Circulating exosomes cause tumor malignancy in a chronic sleep fragmentation model

Chronic sleep fragmentation (SF) increases cancer aggressiveness in mice. Exosomes exhibit pleiotropic biological functions, including immune regulatory functions, antigen presentation, intracellular communication and inter-cellular transfer of RNA and proteins. University of Chicago researchers hypothesized that SF-induced alterations in biosynthesis and cargo of plasma exosomes may affect tumor cell properties.

Plasma-derived exosomes from C57/B6 mice exposed to 6 wks of SF or sleep control (SC), and from adult human patients with obstructive sleep apnea (OSA) before (Pre) and after adherent treatment for 6 wks (Post) were co-cultured with mouse lung TC1 or human adenocarcinoma tumor cell lines, respectively. Proliferation, migration, invasion, endothelial barrier integrity and extravasation assays of tumor cells were performed. Plasma mouse exosomal miRNAs were profiled with arrays, and transcriptomic assessments of TC1 cells exposed to SF or SC exosomes were conducted to identify gene targets.

SF-derived exosomes increased tumor cell proliferation (~13%), migration (~2.3-fold) and extravasation (~10%) when compared to exosomes from SC-exposed mice. Similarly, Pre exosomes from OSA patients significantly enhanced proliferation and migration of human adenocarcinoma cells compared to Post. SF-exosomal cargo revealed 3 discrete differentially expressed miRNAs, and exploration of potential mRNA targets in TC1 tumor cells uncovered 132 differentially expressed genes that encode for multiple cancer-related pathways.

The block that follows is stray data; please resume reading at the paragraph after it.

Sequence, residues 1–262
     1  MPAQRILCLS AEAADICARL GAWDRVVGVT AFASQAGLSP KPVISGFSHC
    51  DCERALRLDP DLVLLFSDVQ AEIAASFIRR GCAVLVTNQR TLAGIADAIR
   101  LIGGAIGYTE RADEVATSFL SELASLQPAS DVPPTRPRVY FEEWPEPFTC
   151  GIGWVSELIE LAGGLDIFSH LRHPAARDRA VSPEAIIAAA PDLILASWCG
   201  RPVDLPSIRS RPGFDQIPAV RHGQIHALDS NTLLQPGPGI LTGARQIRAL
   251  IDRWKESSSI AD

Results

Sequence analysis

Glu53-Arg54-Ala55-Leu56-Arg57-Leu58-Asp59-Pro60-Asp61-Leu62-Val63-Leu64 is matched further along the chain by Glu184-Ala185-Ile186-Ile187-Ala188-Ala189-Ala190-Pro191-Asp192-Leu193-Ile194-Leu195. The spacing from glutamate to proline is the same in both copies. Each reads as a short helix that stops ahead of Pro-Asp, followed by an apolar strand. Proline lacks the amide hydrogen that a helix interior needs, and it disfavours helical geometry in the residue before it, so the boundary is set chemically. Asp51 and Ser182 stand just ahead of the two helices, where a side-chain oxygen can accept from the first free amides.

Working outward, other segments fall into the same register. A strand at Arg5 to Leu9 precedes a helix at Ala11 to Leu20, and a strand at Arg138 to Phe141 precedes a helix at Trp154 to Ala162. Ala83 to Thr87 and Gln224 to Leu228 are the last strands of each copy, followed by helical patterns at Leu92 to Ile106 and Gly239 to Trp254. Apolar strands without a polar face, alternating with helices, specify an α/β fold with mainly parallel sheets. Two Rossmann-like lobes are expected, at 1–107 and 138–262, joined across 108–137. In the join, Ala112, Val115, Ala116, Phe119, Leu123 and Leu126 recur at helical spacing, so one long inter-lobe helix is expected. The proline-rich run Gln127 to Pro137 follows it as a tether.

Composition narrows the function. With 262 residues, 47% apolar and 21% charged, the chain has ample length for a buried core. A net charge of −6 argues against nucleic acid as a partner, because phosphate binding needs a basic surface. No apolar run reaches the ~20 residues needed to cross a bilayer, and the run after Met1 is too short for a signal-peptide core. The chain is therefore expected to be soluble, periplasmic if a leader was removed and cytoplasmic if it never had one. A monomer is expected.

Effect of plasma-derived exosomes on Electric Cell-substrate Impedance Sensing (ECIS) and confocal microscopy imaging.


Time-course of normalized endothelial cells resistance (bEnd30 cells and their values were continuously monitored for up to 30 hours after adding exosomes to the confluent endothelial monolayer (Panel A). Plasma-derived exosomes from SF-exposed mice induce increased endothelial cell monolayer disruption compared to exosomes derived from tumor-bearing or non tumor-bearing mice exposed to SC (n = 8). Panel (B) shows values recorded at 30 hours (p-value < 0.001 for SF(−) vs. SC(−); p-value < 0.0001 for SF(+) vs. SC(+)). Panel (C) shows tight junction protein ZO-1 immunohistochemistry in bEnd3 cells following treatment with exosomes. Exosomes from SF and SC mice with (+) and without tumors (−) were applied to mouse bEnd3 cells for 24 hrs. Tight junction protein ZO-1 (green) and nuclei (DAPI blue) were immunostained with corresponding antibodies. Panel (C) is representative for SC(−), SF(−), SC(+), SF(+). Disruption of ZO-1 continuity is particularly apparent in SF mice with and without tumors. Images are representative of n = 6/group. Scale bar represents 25 μm.

Chronic SF induces alterations in exosomal miRNA cargo that alter the biological properties of TC1 lung tumor cells to enhance their proliferative, migratory and extravasation properties, and similar findings occur in OSA patients, in whom SF is a constitutive component of their sleep disorder. Thus, exosomes could participate, at least in part, in the adverse cancer outcomes observed in OSA.

Khalyfa A, Almendros I, Gileles-Hillel A, Akbarpour M, Trzepizur W, Mokhlesi B, Huang L, Andrade J, Farré R, Gozal D. (2016) Circulating exosomes potentiate tumor malignant properties in a mouse model of chronic sleep fragmentation. Oncotarget [Epub ahead of print]. [article]

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